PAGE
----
Comment 9 of 1111, added on September 22nd, 2004 at 12:43 PM.
I disagree with the notion that one would probably regret a second chance.
Personally, I had a second-chance to study in academia and attain long
lasting dreams of high achievment in study.
Specifically, after graduating in my 20s at a top public university, I
earned only Bs and Cs. It was a difficult transtional time in my life.
Nonetheless, in spite of the vigors and obligations of life, I forced my
conditions to allow for pursuit of another undergraduate degree some years
In this second opportunity to study and achieve, I earned all A's and
graduated with the most prestigious distinctions. It was a personal
achievment for which I had long dreamed. To be sure, there was no time
where I regretted my choice to study another 5 years. Indeed, I left my
career frozen with no increase in experience and therefore earnings, and I
worked at night for mizerly wages barely capable of supporting me despite a
college degree from a top school. And in the final analysis, it was worth
every minute of study and every lost dollar.
Therefore, it is clear not everyone would regret a second opportunity to
make a correct choice. In addtion, I suspect if everyone maintained the
willingness to "righ" a past "wrong," then no one would regret the
opportunity to make that "wong" "right."
from United States
Comment 7 of 1111, added on September 19th, 2004 at 1:22 PM.
Forgive me if I am completely misplaced because it has been quite some time
since I last visited American Literature--and Robert Frost.
However, I sense that many commentators here have overlooked some revealing
and specific language Frost intentionally employed in this poem. As a
result of this oversight, these commentators have too strongly asserted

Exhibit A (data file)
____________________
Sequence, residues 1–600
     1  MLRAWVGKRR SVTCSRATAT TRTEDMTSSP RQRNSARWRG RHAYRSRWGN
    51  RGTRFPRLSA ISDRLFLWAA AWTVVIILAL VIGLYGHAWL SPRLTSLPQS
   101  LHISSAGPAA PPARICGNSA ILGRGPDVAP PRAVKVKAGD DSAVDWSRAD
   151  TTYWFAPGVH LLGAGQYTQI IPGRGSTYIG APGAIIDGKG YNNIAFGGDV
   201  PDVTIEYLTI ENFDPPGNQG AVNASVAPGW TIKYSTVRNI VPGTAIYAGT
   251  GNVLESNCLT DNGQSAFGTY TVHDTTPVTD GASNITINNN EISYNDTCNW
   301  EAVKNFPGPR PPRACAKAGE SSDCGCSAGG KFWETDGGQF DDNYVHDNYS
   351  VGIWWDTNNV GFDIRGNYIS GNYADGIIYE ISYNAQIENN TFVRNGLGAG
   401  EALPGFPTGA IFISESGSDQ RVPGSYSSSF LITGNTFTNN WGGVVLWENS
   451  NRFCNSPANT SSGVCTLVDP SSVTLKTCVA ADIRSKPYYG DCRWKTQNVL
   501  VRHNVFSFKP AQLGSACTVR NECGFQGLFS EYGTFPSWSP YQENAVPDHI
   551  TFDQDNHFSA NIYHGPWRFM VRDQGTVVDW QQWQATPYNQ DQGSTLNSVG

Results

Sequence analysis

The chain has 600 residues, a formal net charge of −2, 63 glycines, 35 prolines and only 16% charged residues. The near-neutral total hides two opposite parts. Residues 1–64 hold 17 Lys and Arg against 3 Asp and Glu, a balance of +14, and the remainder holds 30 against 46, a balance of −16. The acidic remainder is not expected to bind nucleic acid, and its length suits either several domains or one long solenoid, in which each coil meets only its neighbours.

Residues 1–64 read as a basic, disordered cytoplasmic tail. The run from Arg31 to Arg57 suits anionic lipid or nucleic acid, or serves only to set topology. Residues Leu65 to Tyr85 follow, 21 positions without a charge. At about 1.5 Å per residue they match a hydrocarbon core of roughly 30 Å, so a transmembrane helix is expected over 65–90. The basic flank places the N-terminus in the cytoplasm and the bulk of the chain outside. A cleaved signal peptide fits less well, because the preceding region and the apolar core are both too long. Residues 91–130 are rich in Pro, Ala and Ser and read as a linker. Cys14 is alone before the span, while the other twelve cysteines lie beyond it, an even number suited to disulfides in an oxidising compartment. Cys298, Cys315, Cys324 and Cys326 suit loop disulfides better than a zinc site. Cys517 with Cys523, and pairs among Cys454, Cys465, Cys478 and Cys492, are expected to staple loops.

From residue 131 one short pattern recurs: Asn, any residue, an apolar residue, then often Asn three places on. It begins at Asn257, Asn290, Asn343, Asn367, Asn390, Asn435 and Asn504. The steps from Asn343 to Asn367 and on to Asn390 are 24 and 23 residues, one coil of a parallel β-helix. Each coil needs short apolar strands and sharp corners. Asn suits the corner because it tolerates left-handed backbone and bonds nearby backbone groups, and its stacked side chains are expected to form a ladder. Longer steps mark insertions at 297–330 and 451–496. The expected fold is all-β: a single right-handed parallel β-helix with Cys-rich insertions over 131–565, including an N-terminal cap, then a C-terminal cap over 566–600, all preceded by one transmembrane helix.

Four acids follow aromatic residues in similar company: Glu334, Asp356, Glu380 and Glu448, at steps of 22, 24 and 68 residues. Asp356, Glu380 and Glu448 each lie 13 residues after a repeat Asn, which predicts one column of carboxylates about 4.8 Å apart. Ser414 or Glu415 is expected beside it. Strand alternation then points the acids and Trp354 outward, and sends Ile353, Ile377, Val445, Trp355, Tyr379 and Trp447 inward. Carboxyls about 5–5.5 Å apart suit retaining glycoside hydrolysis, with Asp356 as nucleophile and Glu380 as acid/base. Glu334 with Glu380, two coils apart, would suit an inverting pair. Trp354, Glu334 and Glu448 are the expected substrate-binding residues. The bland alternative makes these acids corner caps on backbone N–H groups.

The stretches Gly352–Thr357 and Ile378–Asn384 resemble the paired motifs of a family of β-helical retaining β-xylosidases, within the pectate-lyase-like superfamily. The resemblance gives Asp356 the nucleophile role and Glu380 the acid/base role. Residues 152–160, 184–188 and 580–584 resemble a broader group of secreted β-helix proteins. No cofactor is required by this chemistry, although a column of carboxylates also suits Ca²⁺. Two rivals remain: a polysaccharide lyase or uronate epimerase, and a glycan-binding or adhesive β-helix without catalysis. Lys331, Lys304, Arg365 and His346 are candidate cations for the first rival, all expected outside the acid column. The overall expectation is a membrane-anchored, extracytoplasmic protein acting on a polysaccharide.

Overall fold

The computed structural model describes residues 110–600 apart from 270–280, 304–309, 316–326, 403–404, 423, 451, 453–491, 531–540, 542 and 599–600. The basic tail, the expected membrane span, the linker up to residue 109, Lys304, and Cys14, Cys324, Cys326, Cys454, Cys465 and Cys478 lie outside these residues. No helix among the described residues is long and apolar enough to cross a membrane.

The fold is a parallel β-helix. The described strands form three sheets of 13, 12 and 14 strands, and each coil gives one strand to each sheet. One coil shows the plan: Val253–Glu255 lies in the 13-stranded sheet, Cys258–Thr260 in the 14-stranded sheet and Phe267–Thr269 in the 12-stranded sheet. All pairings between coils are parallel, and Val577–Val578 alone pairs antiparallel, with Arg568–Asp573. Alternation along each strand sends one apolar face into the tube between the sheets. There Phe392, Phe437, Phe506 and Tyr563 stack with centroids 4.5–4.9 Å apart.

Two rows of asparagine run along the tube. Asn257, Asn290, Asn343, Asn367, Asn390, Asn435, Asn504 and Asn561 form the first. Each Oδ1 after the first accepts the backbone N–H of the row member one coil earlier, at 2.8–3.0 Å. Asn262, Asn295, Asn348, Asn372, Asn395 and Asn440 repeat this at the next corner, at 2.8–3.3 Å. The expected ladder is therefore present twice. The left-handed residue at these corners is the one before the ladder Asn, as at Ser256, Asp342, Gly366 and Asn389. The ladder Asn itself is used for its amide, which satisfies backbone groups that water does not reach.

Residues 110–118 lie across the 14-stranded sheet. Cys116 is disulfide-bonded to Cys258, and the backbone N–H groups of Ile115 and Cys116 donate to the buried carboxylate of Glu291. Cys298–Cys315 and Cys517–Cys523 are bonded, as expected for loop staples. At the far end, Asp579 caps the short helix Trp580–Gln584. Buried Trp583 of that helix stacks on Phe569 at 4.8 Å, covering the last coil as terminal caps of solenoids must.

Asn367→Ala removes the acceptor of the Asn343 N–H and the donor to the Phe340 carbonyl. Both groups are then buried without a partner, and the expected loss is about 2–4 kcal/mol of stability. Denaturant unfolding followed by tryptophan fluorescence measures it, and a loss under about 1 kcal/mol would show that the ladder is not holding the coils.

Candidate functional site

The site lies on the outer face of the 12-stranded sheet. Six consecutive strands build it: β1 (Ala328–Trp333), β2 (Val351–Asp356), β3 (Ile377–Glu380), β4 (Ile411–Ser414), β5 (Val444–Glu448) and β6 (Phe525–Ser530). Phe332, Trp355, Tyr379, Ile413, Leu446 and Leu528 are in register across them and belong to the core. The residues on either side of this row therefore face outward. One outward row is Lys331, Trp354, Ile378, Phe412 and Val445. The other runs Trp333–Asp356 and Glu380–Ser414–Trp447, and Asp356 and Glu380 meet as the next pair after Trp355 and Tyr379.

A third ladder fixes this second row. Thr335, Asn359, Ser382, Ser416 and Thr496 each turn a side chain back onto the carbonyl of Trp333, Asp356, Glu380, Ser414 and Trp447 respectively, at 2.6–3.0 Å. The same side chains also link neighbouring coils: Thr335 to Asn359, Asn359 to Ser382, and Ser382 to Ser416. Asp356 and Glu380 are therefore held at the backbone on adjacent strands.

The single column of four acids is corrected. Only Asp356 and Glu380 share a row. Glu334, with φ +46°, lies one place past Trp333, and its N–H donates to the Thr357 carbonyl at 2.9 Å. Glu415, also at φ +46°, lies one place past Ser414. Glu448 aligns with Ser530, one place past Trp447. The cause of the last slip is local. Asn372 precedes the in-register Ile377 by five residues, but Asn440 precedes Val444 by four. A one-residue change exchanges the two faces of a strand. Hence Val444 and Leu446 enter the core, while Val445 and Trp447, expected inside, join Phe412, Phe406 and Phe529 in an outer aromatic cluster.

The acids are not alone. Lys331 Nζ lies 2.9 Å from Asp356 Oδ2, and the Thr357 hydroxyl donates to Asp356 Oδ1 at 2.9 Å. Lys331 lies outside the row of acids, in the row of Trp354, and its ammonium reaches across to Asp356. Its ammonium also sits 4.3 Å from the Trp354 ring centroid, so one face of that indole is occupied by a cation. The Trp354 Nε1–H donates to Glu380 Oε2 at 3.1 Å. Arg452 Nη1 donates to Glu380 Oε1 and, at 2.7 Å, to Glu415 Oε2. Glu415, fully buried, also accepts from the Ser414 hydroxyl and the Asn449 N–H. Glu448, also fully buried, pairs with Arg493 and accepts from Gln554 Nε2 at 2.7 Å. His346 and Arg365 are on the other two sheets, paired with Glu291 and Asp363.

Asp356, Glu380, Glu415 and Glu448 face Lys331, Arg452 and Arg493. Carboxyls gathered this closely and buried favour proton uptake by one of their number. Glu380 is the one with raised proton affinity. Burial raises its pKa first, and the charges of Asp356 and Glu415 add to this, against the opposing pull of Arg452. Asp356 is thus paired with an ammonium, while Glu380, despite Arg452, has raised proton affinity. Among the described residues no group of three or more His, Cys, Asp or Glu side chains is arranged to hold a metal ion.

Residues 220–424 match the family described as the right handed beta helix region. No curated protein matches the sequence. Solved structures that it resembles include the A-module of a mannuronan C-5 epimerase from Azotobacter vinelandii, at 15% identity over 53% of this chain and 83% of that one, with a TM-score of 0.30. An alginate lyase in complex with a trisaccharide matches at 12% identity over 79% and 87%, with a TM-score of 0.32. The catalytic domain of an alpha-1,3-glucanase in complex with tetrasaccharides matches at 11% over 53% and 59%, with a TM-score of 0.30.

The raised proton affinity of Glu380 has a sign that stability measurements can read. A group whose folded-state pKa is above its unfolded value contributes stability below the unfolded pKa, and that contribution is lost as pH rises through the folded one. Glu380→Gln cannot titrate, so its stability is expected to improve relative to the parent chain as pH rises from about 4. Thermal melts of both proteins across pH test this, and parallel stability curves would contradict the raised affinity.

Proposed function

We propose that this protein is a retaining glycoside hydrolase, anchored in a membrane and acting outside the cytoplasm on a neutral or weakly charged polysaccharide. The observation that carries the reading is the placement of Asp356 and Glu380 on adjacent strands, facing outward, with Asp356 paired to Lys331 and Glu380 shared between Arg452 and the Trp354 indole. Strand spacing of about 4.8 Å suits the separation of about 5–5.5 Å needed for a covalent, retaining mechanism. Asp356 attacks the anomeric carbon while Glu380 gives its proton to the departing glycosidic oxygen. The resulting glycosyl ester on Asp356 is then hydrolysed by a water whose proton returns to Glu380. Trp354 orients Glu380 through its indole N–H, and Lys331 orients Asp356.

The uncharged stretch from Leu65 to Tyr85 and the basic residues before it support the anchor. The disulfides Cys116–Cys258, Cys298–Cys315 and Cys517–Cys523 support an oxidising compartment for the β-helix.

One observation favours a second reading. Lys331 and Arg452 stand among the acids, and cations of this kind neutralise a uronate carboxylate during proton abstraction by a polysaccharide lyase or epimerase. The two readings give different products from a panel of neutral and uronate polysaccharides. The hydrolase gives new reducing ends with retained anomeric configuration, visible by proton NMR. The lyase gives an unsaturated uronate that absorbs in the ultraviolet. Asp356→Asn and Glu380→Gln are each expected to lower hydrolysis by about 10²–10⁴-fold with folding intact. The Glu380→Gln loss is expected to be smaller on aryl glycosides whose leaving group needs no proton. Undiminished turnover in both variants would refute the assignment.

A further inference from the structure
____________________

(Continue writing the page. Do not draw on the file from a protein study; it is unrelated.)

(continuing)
that Frost mocked romantic ideals of nastalgia and life.
Clearly, there exists a potential argument that Frost may have been
offering a caliber of criticism and satire. For example, the suggestion
that we could save the first road for another day: "Oh, I kept the first
for another day!" However, this is a flawed argument because it is possible
to revisit a life-altering decision. In fact, many have altered the course
of their lives in midstream by revisiting decisions. To offer contemporary
example, a mother in her mid-40s earing a college degree after dropping out
of highschool at the age of 17. Clearly, this typ of example was less
available in the 19th century, yet others examples of "second choices" did
exist--such as accumulating a fortune in ranching or mining. Still other
examples exist. Therefore, it is possible that Frost may have implicitly
offered this "Reality Americana" to reader--and not cynically dismiss the
idea that a revisiting of a life-altering decision was impossible.
Furthermore, to strongly assert that Frost is cynically criticizing those
romanic idealists who at times enjoy nastalgic recollections, or believe
they can travel 2 roads in life is misplaced. By offering this sentiment,
the argument sustains a very difficult position of explaining away Frost's
last sentence: "And that has made all the difference." Without doubt, it is
a vulnerable argument to convey that Frost communicated cynicism and
mockery of romantic ideals when at the crescendo of his poem he produces
the most romantic of all notions--to engage in probably the most personally